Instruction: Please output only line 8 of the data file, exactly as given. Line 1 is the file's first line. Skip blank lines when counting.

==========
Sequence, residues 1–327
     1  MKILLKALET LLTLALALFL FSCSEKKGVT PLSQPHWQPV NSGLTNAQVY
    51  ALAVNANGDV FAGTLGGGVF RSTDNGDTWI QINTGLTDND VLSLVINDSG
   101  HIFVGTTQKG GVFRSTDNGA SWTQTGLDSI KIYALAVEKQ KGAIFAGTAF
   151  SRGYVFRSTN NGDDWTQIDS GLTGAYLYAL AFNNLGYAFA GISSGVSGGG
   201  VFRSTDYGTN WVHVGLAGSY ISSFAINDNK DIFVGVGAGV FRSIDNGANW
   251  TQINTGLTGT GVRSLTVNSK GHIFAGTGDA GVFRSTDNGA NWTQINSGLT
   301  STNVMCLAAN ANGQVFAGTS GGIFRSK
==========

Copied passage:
   301  STNVMCLAAN ANGQVFAGTS GGIFRSK